How Organizations Optimize Operations Using Situational Awareness
Mitigate risk, monitor events, and meet mission objectives using real-time insight
Every day more than 2.5 quintillion bytes of data are generated globally. To put that into perspective, think about this: 90% of the world's data has been created in the last two years. This increase can be demonstrated not only in the mobile devices used in daily lives but also in the rise of enterprise systems deployed by organizations in both the public and private sectors. Indeed, worldwide IT spending projected for 2019 was $3.7 trillion.
Yet even as the amount of data grows at an exponential rate, businesses and organizations struggle to make sense of the bits and bytes pouring into their systems. According to Forrester, 41% of business leaders find it extremely challenging to make sense of their data.
In 2020, organizations face many challenges that require data-driven insight. The impact of the coronavirus (COVID-19) can be felt around the world as leaders navigate a broad range of interrelated issues involving safety, operations, the marketplace, and communities.
The catalyst to overcoming these challenges involves gaining real-time situational awareness. Whether it’s a local government agency evaluating the impacts of interrupted traffic, an electric utility repairing infrastructure, a food distributor planning truck deliveries, or an unfolding emergency, organizations can effectively plan and respond using the right information presented in the right way to provide context and understanding. Without it, they suffer from either a data deluge that derails meeting mission objectives or, worse, they act using incomplete, outdated, or inaccurate information.
The advantages of real-time, mission-specific situational awareness
Situational awareness is often used to describe an individual, department, or organization’s ability to recognize that something occurred or is about to occur. It also encompasses the ability to comprehend the impact of the event, as well as the implications to the future state.
One framework to consider, presented by Dr. Mica Endsley, organizes situational awareness into three steps:
Level 1 - Perception: The recognition that something has occurred. This step includes the monitoring of multiple elements and signaling that a change has occurred based on various criteria.
Level 2 – Comprehension: What does the thing that happened mean? Gaining an understanding of the current situation through techniques such as pattern recognition, proximity analysis, interpretation, and examination.
Level 3 – Projection: The ability to project the evolving situation in the future. How will it affect the future state and the impact on operations?
Comprehensive situational awareness, viewed through this three-pronged approach, requires organizations to transform raw, dynamic data into actionable information. It also requires the capability to integrate, analyze, and visualize the appropriate data from multiple systems, streaming sensors, mobile devices, social media feeds, etc.
Perhaps the most foundational aspect of situational awareness involves developing the right set of mission-relevant displays throughout the organization. Many organizations have employed a Common Operating Picture or COP for situational awareness; a single view for the entire organization. One size does not fit all, however, and connecting all data feeds to one viewer simply recreates the original problem; an overabundance of data that obfuscates rather than clarifies.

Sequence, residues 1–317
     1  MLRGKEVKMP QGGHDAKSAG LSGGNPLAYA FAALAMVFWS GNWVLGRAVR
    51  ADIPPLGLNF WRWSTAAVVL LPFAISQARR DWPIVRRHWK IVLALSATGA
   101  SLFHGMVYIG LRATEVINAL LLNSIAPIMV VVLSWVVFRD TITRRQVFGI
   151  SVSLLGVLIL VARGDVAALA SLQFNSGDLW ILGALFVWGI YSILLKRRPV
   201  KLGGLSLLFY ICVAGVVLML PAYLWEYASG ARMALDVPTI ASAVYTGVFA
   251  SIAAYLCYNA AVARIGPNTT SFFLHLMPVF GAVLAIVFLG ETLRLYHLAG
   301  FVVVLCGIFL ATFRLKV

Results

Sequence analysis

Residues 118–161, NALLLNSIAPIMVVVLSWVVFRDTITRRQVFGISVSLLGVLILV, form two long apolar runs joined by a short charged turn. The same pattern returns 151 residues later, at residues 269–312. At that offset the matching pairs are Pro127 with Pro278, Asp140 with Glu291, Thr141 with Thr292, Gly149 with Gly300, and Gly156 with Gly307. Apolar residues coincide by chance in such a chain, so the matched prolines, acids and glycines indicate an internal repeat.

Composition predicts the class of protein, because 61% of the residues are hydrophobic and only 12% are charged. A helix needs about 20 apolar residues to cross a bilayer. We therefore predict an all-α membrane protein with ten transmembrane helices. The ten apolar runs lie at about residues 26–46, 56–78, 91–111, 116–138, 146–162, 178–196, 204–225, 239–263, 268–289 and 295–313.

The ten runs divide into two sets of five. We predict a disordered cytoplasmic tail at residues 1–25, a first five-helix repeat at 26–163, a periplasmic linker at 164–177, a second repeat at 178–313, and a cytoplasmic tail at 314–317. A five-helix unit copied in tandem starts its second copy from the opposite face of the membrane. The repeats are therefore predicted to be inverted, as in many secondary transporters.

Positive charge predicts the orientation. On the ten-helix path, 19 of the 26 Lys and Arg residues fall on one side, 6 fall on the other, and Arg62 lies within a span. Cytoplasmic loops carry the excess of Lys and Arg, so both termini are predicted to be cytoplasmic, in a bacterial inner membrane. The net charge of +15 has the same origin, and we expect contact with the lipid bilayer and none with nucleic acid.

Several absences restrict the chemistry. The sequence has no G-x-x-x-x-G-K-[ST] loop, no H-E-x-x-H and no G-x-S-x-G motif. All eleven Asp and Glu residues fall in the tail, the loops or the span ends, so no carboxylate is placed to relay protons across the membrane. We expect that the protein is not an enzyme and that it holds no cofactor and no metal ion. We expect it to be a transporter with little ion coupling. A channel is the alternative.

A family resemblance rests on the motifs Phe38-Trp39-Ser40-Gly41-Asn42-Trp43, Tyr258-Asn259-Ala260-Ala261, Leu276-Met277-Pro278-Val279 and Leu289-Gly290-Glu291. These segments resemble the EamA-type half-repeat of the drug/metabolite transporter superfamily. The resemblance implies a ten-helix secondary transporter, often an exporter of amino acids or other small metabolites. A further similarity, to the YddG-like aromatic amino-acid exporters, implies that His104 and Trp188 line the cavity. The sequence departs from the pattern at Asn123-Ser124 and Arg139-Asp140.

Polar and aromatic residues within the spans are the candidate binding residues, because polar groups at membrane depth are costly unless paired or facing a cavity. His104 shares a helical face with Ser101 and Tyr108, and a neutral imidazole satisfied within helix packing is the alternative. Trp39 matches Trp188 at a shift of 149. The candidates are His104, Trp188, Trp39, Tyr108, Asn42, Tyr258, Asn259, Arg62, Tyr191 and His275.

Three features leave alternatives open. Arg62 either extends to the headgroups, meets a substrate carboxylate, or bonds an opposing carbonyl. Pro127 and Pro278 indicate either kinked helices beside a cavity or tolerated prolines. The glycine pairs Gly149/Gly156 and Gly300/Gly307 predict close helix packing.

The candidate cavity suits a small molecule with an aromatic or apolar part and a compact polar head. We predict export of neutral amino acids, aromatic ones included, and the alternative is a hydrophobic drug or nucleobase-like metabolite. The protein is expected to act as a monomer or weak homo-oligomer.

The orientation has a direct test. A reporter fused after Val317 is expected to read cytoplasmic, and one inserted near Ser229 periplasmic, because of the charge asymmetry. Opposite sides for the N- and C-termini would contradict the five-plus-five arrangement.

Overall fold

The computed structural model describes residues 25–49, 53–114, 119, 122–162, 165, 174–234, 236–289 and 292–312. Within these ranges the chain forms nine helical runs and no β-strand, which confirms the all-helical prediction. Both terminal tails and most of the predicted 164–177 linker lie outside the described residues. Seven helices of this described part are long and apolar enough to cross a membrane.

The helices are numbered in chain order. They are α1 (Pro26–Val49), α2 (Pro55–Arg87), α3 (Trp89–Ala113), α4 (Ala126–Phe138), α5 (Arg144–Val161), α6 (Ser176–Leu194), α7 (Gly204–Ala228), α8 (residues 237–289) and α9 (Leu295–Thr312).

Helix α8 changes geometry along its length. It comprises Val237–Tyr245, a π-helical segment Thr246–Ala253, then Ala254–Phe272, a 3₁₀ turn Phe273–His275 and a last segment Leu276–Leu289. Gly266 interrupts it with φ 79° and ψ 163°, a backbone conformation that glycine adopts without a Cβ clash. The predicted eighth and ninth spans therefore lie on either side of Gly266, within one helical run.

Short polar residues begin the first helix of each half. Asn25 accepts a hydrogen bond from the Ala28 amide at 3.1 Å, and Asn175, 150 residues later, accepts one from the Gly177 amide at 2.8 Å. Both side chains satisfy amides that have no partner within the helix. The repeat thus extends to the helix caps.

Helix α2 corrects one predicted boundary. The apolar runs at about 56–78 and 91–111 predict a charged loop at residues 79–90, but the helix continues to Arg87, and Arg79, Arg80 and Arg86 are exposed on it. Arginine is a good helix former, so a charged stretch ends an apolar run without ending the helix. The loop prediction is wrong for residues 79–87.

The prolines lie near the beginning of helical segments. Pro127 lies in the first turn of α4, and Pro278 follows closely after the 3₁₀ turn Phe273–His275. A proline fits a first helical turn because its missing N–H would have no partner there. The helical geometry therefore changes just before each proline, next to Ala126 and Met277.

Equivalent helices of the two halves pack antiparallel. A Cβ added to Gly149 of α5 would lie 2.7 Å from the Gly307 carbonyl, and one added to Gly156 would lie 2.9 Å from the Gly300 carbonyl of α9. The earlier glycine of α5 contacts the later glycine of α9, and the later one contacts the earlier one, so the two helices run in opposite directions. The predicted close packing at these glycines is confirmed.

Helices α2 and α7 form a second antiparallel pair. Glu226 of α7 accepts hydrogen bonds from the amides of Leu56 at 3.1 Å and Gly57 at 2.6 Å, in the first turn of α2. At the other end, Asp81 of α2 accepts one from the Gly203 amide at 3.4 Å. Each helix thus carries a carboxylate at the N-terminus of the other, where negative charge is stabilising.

The successful use of a Situational Awareness Viewer requires configuring the required data feeds necessary to answer specific mission questions without unnecessary data that overloads or confuses decision-makers. Multiple mission viewers can be deployed to support the various decisions that must be made to support critical operations. This is most effective when supported by a display plan with standard operating procedures outlining routine status reports, decision requirements, and timelines. This approach also minimizes the complexity of the application itself, as the viewer is not trying to serve the needs of multiple stakeholders with differing needs.
Effective mission-based Situational Awareness Viewers leverage geography as the framework to present information in a quickly understandable and intuitive context. Specifically, geospatial applications based on roles and incidents provide the best medium for sharing situational awareness and collaboration for decision support and coordinated action.
Developing and deploying situational awareness tailored solutions based on mission requirements may seem daunting. Similar to any other project, developing effective situational awareness capabilities requires leadership to establish a governance framework, develop techniques, and procedures that must form the foundation of any information-sharing program.
That’s where the right partner with technical and operations experience can pay dividends. Looking for consultants with deep experience in building mission-based situational awareness can help organizations initiate the methodology for governance, strategy development, technology optimization, and standard operating procedures.
Perhaps, most importantly, they should actively listen to your needs to develop solutions that address your unique challenges. Again, avoiding cookie-cutter, one-size-fits-all methods, and solutions. The right partner can help, develop solutions that provide the right information, to the right person, at the right time, using proven methods and best practices for the most challenging circumstances.